As a wannabe game designer, I always look for ways to make my life fun. I think that randomness can usually be a pretty fun aspect. As someone who has difficulties making choices, I would sometimes use methods such as flipping a coin or rolling a dice decide whether or not I would do an action, not unlike in a table-top role-playing game. One of the things that we do most regularly is check the weather report to see if we would want to participate in any outdoor activities. Part of the scores that I’ve read including Yuki Ono’s works and works in the archives of the blog pages that interests me is that some of them are really simple instructions and based on things we do mundanely. I wanted to create my score based on something we do regularly and incorporate randomness to make it fun. So I decided to incorporate both of those elements, something I do regularly and random element that is common from games. I ended up deciding on weather, because it is one of the things that my life depends on, and it is easily associated with probability. For the randomness part I chose dices and coin flip because they are pretty easily accessible. One of the goals of my score is that it should be something that is easy to do, so someone might want to just do it for a bit of fun one day. Personally, among the scores I read either in class or as homework, the ones that are doable and easy to do strikes with me the most, because being able to participate in them helps me understand them a bit more. Some of the examples are Clock piece, and Wood Piece, which involves actions that I would sometimes do (except not with wood). When combining what I want to put into my score and the concept of these scores as explicit instructions, I decided to specify what to use to decide the probability for each precipitation range closest to representing the probability of the dices. My score does not have any deeper meaning, but I hope it is something that people would find at least a bit fun.

 

Documentation:

Xinyi Ren Score: Trace

Trace

Turn on your computer

Fix a piece of paper on the mouse pad

Tape a pen to the mouse

Start playing games

Change the paper or stop when you want to stop

Observe the path of your mouse movement while playing the game recorded on the paper

 

Artist Statement

My inspiration comes from Yoko Ono’s grapefruit. The book’s content is simple and straightforward, but readers can feel a kind of romance and sincerity. These “Poems” are discovered from every corner of life, and even some unobtrusive things can be given important significance, which makes me choose to observe one of my most common things in life from an unnoticed angle. So I began to observe the computer keyboard and mouse because these are the props I use every day. After a long time of use, I found that several commonly used keys on my keyboard were obviously worn out, but I usually don’t notice that I often use them during play.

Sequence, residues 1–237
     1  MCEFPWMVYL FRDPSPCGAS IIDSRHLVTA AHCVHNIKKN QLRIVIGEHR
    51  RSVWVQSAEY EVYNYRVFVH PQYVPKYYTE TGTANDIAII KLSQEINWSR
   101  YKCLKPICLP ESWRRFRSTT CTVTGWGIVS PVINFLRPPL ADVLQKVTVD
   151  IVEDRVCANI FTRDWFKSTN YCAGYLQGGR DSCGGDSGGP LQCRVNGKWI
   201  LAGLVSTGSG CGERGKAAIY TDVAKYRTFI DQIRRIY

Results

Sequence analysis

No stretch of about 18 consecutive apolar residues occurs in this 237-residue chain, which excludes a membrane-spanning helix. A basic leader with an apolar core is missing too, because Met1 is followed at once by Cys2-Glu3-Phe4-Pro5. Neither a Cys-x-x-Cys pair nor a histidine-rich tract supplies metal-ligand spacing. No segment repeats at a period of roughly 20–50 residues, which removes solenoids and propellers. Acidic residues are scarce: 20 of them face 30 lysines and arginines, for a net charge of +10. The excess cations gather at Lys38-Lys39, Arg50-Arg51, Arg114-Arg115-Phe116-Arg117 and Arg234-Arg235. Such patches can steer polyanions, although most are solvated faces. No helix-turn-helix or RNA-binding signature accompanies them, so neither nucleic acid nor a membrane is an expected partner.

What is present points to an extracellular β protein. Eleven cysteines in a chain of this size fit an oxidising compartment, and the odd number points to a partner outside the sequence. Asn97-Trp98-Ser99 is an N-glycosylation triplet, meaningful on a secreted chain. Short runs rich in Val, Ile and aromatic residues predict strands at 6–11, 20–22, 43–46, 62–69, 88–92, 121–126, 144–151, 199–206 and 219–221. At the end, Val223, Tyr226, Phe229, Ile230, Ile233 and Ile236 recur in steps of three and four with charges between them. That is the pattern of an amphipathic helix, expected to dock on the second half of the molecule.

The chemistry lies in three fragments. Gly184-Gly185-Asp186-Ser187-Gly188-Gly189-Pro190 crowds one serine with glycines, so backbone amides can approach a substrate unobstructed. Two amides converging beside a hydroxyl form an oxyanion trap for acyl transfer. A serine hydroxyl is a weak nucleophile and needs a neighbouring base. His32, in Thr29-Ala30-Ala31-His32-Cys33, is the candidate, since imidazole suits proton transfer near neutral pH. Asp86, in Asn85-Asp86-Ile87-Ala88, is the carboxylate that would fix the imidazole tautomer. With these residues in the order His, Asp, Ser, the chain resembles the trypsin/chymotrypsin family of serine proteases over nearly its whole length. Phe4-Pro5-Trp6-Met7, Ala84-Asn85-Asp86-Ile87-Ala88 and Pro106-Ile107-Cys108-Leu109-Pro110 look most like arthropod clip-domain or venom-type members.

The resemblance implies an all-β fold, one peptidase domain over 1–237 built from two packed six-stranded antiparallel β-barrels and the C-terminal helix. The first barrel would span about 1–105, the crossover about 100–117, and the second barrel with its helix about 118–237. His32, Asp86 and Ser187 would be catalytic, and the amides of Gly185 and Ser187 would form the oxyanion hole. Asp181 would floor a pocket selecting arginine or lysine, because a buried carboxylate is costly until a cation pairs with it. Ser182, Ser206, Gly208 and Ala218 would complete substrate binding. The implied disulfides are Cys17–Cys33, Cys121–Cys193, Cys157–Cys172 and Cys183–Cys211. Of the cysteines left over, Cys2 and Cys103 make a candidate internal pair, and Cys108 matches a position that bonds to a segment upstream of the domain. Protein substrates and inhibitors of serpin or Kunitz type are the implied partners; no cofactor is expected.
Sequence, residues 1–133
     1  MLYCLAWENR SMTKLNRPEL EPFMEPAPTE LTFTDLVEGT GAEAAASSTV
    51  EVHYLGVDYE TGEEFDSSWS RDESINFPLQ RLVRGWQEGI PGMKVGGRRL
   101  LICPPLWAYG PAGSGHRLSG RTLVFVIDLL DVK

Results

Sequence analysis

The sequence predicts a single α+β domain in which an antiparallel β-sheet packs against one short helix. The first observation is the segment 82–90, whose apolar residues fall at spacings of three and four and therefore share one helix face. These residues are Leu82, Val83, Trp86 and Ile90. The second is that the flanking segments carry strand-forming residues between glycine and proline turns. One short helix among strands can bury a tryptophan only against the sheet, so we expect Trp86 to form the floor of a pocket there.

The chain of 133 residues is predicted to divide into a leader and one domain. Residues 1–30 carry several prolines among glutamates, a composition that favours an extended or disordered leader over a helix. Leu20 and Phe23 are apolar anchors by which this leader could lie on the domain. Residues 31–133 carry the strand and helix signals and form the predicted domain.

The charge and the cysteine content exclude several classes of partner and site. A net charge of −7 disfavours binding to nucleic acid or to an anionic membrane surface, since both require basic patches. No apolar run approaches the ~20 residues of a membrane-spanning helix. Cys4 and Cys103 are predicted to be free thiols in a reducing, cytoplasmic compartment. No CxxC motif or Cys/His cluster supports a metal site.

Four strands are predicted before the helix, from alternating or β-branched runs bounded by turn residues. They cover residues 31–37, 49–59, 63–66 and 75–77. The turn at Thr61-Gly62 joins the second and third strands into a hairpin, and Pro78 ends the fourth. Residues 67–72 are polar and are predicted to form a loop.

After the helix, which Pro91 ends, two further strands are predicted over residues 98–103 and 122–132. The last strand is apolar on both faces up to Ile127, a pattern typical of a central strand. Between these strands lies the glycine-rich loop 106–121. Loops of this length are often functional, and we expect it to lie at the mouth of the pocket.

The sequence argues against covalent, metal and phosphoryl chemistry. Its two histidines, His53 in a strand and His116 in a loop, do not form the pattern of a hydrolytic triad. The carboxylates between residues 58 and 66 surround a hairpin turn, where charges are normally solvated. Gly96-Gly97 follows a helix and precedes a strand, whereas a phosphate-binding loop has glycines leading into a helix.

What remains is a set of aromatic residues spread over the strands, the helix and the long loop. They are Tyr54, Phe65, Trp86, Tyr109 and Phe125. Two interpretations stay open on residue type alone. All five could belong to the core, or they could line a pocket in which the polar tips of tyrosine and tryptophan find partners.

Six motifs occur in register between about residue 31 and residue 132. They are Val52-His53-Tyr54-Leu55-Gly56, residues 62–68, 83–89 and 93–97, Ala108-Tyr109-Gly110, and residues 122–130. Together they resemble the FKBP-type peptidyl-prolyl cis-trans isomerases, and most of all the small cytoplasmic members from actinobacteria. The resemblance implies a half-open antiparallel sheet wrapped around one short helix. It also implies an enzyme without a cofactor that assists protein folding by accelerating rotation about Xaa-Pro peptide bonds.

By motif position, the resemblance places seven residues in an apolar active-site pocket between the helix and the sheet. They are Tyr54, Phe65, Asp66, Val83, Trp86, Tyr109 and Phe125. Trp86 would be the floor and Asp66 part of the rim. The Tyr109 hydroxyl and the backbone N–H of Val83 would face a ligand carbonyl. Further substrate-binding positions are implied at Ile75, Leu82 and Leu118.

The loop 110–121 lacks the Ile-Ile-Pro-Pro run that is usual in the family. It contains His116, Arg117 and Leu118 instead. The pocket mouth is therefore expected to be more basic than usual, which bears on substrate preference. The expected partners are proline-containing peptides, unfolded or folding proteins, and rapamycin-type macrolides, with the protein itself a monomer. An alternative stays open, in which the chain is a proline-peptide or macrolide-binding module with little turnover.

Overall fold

The results of these almost unconscious behaviors may be more evident than I thought. I want to use a visual way to record the use of the mouse. People will find that the mode of mouse movement in different game activities is also different, and there is a significant gap in the length and density of lines presented by high DPI and low DPI settings. Even if you play the same game on the same device, results can vary from person to person. At the same time, I think this will also change the behavior of “playing video games,” from short-term preservation to long-term preservation, from personal experience to an art form that others can understand.

When I was doing this score, it gave me a new understanding of my subconscious actions. When I was fully focused on the game, my actions were not what I thought they would be afterward. I originally thought that the moving track of the mouse should be smooth and coherent, but in fact, most of the turning points are stiff and sudden. At the same time, in the game, I pause the mouse in several specific areas more frequently than I thought. When I perform this score on the same game again after a period of time, the pictures composed of these separate and broken lines look very similar to the last time. From this I sensed a pattern hidden beneath the randomness, which is a very wonderful experience.

 

 

Self-Portrait Score – Aaron Cai

Make a self-portrait

Destroy it

If It is a drawing, rip it to shreds

If it is a sculpture, smash it to pieces

Gift what remains to a friend

 

Artist’s Statement:

I struggle with my self-image, so I wanted to do something with self-portraits. I liked the idea that a self-portrait can be in many forms and styles, so I decided to leave that up to the reader. I specifically suggest a sculpture to let the reader know that it doesn’t have to be a drawing. The idea of destroying a self-portrait is cathartic for me. It is also pretty poetic. As for the last line, I wrote it because I think art should be given away to people, not necessarily for free, but the artist shouldn’t hang on to their work forever. Not only that, I just like gifting things to friends, so I think gifting a destroyed self portrait would be really fun to do. The reason the score is formatted the way it is is due to inspiration and influence from Yoko Ono’s scores. I really enjoyed her slightly ambiguous and rhythmic style and wanted to imitate it in this score. I hope I was successful.